"It's important for the candidate to come into a campaign with a defined set of positions," says Mr. Anderson, who has known Mr. Reagan since 1964. "These people will help apply policies to new conditions as the campaign rolls along."
On the foreign affairs and defense side, Mr. Allen similarly views policy questions in a broad context of known or definable positions among experts.
Mr. Allen, who heads his own international economic consulting firm based in Washington, has known Mr. Reagan only since 1977. He helped organize Mr. Nixon's foreign policy approach in 1968, undertook federal Washington assignments -- such as writing a "lap crusher" report on international economic policy for the Williams commission -- and wrote the 1976 Republican platform on foreign affairs and national security.
"Not to diminish my personal loyalty to Mr. Reagan," Mr. Allen says, "but my interest is exclusively in the policy that would result from a Reagan administration. I'm interested in the debate on national security affairs that is the proper subject of this campaign.
"We need a debate on grand strategy," he adds. And he feels the economic side of foreign and military affairs merits particularly close attention.
Reagan foreign policy must meet three requirements, Mr. Allen says. First, it must reflect the ideals of the American people, must be understood by the majority, and reflect "constancy of message." Second, to be strong abroad, the United States must be strong at home. "Internal slippage in the domestic economy, the fall in productivity, government strangulation of business, affect American business life abroad," he says. And third, "the US must have the military strength to project in the world where the defense of US interests must take place -- and the will to employ that power," Mr. Allen says.
Of the 90 foreign and defense policy experts initially signed on for the Reagan effort, most have done so as professionals offering judgment and expertise, not their political endorsement, Mr. Allen stresses.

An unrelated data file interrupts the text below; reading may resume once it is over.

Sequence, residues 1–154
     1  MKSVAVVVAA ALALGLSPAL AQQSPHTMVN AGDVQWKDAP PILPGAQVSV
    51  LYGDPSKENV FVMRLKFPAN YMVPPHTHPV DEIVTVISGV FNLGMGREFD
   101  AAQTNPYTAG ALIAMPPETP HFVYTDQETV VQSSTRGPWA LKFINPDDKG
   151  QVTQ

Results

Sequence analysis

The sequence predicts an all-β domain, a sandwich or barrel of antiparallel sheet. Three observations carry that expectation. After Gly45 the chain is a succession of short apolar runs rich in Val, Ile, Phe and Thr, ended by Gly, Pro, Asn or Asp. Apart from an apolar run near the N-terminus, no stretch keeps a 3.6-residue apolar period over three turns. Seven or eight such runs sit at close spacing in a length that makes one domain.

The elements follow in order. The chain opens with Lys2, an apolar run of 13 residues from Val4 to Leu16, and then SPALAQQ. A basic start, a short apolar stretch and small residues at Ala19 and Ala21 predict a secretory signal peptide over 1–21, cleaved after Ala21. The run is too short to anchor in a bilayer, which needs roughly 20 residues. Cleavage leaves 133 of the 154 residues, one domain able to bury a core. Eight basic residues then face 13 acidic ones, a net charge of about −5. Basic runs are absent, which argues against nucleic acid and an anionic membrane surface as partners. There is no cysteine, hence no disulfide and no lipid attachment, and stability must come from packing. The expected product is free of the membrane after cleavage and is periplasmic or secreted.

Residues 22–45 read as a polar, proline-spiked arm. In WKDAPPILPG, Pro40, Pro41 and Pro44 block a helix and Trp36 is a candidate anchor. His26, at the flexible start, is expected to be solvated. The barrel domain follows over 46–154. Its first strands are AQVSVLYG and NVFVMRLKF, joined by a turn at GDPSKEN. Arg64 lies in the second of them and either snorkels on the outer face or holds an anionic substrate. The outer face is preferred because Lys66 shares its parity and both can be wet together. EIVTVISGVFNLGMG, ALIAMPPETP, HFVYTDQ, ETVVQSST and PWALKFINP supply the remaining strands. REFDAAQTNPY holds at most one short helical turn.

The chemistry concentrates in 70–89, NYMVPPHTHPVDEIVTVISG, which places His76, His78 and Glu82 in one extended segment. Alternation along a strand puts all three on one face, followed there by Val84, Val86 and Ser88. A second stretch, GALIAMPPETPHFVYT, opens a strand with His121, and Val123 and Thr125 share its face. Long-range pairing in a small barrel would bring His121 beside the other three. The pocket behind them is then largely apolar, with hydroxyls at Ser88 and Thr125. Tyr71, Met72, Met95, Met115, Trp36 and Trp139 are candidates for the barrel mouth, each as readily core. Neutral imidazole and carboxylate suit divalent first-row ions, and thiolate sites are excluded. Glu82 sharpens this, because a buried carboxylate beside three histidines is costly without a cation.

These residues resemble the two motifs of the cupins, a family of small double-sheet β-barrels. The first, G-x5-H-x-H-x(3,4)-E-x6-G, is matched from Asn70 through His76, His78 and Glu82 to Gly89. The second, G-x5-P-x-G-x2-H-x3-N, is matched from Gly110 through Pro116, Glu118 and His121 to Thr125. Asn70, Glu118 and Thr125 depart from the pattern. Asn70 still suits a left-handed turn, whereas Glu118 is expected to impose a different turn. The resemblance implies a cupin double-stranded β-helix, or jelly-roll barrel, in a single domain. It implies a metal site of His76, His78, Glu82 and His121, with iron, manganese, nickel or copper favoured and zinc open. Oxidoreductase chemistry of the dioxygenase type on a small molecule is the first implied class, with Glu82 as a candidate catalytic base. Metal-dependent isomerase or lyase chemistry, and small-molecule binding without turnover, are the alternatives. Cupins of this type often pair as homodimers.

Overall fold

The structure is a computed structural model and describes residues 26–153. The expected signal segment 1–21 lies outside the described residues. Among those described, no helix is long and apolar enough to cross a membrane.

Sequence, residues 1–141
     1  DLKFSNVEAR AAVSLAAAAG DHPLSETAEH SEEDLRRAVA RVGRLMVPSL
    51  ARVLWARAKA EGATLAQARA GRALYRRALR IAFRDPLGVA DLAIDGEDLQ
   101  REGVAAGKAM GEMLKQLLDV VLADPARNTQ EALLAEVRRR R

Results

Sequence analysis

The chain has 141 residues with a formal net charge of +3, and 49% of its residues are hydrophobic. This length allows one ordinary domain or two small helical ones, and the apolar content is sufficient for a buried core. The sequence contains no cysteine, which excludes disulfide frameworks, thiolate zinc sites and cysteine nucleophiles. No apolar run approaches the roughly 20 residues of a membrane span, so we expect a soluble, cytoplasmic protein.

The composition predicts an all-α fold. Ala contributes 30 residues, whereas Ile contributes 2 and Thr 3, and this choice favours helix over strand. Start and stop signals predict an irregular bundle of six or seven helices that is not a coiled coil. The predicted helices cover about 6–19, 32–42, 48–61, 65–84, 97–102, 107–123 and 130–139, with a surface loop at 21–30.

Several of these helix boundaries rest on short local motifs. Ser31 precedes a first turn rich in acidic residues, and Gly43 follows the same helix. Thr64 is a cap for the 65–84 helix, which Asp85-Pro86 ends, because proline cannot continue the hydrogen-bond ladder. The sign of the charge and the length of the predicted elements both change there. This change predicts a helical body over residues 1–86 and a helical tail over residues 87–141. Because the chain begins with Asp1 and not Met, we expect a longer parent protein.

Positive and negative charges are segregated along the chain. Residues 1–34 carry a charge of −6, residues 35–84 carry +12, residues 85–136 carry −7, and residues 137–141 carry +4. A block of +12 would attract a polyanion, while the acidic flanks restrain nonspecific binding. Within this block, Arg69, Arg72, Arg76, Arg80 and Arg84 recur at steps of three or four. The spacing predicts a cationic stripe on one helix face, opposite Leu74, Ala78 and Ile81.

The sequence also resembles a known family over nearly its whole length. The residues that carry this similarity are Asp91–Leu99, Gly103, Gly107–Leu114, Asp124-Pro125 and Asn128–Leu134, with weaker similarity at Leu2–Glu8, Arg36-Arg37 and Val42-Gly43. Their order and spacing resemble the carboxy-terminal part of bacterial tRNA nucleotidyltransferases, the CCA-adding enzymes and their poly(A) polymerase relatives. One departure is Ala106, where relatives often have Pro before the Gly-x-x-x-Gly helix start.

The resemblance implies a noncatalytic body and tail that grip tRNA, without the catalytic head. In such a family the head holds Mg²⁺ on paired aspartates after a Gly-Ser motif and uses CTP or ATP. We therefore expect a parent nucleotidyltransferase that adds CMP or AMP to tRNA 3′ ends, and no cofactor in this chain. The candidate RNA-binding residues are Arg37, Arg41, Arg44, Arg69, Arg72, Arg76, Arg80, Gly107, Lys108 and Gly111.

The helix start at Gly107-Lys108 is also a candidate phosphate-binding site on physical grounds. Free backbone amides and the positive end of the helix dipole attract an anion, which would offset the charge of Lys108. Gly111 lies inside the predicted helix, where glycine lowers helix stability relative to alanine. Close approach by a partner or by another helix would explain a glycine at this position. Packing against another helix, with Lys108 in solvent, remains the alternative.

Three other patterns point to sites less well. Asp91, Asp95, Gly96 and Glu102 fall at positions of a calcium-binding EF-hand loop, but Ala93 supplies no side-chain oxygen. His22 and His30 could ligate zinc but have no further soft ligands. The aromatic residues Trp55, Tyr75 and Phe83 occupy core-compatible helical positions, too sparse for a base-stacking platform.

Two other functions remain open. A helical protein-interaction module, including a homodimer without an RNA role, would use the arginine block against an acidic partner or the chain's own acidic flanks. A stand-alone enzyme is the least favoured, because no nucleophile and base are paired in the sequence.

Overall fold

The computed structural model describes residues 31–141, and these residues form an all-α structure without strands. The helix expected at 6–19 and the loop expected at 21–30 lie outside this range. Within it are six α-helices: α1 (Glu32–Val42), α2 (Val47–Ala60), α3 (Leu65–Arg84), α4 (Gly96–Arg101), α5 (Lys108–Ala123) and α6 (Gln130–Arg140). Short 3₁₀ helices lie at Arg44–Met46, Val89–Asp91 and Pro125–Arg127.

Mr. Allen himself projects an independent streak. He resigned his post as a member of the national security adviser staff early in the first Nixon administration partly over Vietnam war policy, he says. "I thought it was wrong to stay in a war we were not going to win," he says.
As late as this week, one critical slot remains to be filled in the Reagan entourage -- a political chief, to supervise the nuts and bolts operations for the 50-state general campaign.
Anderson Carter, the tough but affable strategist who ran Mr. Reagan's primary campaigns, has returned to New Mexico. And no one is likely again to be given the broad command that John Sears insisted upon as campaign manager, before he and political director Charles Black and press aide James Lake were fired Feb. 26.
Reagan watchers now see a loyalist team approach -- with Mr. Meese at the pivot -- fending off any massive delegation of campaign authority to one individual. They see a more "corporate" structure evolving. An attempt will be made to weave platform themes, convention strategy, and the general campaign into a pattern consistent with a Reagan administration.
Mr. Reagan's most trusted aides appear comfortable in background, supporting roles. They feel Mr. Reagan has enough public presence for the lot of them. And they relate to their candidate, identifying his strengths and shoring up his weaknesses, roughly in the way described by University of California Professor Adrian:
"Reagan has a mind that grasps things quickly. He has almost a photographic memory. He doesn't think deeply and broadly. He's a self-made man -- he thinks people can make it under the rules, as he did."